Facial recognition is a quickly evolving technology, and its laws and regulations need to keep up.
“Say hello to the future” the tagline of iPhoneX marked the advent of face recognition into mainstream apps using it as a feature to unlock the phone. Though this marks a milestone in itself as far as facial recognition technology is concerned; what caught my eye was the use of face id in the sniper software — termed killer bots as presented at the United Nations body on autonomous weapons. It uses face identification technology to select and kill human targets.
Both sides of the coin — boon or bane — that holds true for any powerful technology and this just goes on to demonstrate how powerful face recognition could be.
Face Recognition and Identification in all Walks of Life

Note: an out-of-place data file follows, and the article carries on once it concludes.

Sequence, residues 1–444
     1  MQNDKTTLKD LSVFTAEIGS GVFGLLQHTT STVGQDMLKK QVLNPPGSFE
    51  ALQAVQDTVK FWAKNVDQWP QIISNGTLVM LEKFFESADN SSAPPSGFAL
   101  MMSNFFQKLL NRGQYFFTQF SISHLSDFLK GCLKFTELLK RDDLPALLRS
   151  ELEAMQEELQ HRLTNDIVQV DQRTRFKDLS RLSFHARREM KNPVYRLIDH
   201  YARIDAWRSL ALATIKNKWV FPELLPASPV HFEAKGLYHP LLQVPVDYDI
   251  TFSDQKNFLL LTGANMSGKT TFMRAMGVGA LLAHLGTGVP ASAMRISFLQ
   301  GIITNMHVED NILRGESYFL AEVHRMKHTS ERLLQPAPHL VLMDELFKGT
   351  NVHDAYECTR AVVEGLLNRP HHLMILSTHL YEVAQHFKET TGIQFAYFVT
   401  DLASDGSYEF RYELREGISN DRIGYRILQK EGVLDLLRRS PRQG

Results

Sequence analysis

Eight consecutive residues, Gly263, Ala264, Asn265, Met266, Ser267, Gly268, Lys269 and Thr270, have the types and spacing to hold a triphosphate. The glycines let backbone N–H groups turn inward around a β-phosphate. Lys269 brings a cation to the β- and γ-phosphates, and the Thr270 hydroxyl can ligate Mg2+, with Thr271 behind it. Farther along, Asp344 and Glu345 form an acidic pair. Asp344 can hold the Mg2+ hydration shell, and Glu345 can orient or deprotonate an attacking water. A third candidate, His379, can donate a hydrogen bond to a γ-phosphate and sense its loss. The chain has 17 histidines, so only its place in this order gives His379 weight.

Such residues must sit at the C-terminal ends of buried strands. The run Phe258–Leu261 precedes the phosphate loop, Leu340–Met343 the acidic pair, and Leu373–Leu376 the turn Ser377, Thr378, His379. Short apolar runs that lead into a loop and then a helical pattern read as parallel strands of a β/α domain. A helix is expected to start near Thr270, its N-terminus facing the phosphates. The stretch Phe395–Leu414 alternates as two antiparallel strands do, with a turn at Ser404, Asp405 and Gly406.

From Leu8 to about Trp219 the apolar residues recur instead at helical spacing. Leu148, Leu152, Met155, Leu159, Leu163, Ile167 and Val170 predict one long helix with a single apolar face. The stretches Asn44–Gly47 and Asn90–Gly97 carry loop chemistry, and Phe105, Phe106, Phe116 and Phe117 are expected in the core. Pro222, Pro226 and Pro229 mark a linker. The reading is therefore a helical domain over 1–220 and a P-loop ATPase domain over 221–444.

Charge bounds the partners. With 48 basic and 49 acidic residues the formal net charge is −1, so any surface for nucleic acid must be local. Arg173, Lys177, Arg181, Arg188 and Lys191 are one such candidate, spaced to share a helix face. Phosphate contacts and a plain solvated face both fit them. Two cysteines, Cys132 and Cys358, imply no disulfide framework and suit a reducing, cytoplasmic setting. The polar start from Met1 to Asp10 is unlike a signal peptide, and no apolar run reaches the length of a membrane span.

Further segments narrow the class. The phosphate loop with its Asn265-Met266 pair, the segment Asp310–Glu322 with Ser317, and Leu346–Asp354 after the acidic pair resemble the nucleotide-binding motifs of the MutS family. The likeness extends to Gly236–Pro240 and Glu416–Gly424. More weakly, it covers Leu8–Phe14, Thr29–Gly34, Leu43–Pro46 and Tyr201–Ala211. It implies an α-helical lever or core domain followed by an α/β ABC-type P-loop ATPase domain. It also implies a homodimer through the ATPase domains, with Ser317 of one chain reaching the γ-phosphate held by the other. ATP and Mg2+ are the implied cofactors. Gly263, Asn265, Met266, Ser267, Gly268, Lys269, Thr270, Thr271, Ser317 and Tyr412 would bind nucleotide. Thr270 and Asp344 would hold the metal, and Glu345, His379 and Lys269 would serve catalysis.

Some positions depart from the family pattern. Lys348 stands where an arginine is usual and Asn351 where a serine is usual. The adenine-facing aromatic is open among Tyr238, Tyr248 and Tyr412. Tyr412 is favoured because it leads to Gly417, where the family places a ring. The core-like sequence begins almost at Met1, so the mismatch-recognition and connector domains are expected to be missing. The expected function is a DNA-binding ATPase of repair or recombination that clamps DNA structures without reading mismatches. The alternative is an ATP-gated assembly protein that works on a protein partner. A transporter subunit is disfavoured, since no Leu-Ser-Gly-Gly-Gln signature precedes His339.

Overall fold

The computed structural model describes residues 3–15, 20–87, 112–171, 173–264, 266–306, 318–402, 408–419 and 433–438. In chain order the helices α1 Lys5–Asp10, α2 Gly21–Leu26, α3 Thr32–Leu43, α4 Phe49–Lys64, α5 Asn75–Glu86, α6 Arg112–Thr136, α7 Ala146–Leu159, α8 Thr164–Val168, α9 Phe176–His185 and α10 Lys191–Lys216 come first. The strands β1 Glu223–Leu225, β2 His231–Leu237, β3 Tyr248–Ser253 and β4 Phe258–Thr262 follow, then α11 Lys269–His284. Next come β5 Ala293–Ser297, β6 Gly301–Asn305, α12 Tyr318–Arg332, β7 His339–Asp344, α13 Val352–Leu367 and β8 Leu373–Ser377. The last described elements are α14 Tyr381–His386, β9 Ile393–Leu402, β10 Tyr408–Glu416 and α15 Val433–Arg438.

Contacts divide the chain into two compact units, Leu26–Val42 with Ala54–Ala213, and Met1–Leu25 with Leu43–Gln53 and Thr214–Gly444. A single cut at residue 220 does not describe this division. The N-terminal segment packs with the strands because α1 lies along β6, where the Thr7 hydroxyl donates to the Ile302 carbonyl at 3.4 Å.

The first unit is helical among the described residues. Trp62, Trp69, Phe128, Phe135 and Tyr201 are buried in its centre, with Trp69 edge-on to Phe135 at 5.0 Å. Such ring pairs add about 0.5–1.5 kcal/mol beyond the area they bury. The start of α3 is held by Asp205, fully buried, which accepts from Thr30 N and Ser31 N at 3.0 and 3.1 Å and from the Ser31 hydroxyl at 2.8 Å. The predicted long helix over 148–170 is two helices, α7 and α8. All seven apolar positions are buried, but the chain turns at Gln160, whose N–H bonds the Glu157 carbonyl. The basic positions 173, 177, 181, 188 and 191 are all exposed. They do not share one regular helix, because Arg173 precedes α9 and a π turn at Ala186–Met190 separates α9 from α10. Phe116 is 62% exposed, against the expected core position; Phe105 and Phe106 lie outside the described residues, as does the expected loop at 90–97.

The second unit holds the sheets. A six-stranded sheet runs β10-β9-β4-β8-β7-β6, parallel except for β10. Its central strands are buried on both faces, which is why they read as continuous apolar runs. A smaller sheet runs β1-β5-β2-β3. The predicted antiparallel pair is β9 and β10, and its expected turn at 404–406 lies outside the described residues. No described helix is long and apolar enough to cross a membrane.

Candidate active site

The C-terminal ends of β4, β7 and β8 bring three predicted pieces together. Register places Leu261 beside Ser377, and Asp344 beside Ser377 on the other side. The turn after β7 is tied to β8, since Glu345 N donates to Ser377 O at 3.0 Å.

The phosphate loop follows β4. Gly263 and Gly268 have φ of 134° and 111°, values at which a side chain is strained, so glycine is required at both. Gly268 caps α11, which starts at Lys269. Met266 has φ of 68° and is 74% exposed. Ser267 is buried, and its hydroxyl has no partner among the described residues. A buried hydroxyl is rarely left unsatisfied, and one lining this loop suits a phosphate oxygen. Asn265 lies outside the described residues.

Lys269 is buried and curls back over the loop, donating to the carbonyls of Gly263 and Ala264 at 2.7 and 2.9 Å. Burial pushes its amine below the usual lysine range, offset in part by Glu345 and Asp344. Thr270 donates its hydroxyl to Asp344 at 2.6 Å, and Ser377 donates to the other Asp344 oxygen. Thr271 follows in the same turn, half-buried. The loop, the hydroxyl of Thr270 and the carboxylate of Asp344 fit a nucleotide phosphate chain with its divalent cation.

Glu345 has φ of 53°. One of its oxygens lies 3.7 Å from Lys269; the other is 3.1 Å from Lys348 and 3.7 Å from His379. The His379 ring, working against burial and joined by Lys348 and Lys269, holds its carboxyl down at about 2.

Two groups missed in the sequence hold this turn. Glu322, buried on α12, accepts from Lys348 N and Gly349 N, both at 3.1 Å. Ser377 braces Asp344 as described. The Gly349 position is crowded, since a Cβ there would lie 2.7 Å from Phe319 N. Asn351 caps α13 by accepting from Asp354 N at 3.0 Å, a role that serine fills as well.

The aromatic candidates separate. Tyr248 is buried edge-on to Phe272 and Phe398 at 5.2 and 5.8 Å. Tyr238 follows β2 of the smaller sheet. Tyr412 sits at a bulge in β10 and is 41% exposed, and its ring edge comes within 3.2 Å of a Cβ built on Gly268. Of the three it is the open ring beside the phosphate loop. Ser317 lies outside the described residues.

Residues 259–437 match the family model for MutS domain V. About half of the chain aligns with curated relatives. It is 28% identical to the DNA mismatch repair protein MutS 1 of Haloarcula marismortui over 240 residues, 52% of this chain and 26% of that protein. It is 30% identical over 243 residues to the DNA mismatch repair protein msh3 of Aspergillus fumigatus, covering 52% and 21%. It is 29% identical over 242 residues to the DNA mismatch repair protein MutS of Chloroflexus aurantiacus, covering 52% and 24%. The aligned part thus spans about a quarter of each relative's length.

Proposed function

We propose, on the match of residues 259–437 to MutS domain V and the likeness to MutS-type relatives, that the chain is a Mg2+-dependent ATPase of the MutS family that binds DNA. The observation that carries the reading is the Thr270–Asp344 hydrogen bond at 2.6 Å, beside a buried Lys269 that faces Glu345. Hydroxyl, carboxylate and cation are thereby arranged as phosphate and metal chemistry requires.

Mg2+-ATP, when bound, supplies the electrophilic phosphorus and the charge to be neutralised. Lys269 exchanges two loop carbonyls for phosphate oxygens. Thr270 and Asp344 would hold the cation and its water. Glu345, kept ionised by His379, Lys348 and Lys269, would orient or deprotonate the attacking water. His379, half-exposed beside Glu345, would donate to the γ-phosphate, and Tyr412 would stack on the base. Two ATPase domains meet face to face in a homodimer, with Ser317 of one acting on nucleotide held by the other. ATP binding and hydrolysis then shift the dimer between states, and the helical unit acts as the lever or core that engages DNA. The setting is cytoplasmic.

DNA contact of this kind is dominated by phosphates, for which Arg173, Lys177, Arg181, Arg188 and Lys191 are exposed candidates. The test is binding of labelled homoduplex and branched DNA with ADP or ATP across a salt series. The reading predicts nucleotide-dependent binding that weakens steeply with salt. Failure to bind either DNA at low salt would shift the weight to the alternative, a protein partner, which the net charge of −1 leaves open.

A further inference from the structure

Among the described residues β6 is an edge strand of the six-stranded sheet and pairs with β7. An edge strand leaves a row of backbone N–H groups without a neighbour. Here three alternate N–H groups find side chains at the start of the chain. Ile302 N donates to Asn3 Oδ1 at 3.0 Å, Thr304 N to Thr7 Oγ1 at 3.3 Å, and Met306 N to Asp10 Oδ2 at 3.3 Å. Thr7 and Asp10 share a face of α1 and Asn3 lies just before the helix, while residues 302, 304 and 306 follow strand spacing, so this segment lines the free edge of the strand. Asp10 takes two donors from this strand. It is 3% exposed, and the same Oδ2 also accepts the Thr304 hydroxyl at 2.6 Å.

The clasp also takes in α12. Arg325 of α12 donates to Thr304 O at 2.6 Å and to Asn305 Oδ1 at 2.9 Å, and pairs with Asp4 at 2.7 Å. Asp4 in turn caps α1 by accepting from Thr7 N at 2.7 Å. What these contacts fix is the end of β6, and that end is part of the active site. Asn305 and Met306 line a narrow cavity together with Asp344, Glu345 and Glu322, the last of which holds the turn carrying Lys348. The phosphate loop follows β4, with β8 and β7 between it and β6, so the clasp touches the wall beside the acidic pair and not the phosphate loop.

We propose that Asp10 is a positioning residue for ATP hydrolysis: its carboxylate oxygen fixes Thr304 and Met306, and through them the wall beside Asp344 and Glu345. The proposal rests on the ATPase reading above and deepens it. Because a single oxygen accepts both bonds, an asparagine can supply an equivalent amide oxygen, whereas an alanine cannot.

Identity management and security is the most common and visible application of this technology. We have heard of Governments keeping a database of citizen faces which can be used for law enforcement, rising albeit the critical question on an individual’s privacy. However, face recognition is now finding applications across all industries.
Applications of Face Recognition
- Retail — Large retailers are using facial recognition to instantly recognize customers and present offers. They can also use it to catch shoplifters augmented with camera footage. The entertainment industry, casinos, and theme parks have also caught on to its uses. Companies like NTechLab, Kairosuse face recognition technology to provide customer analytics.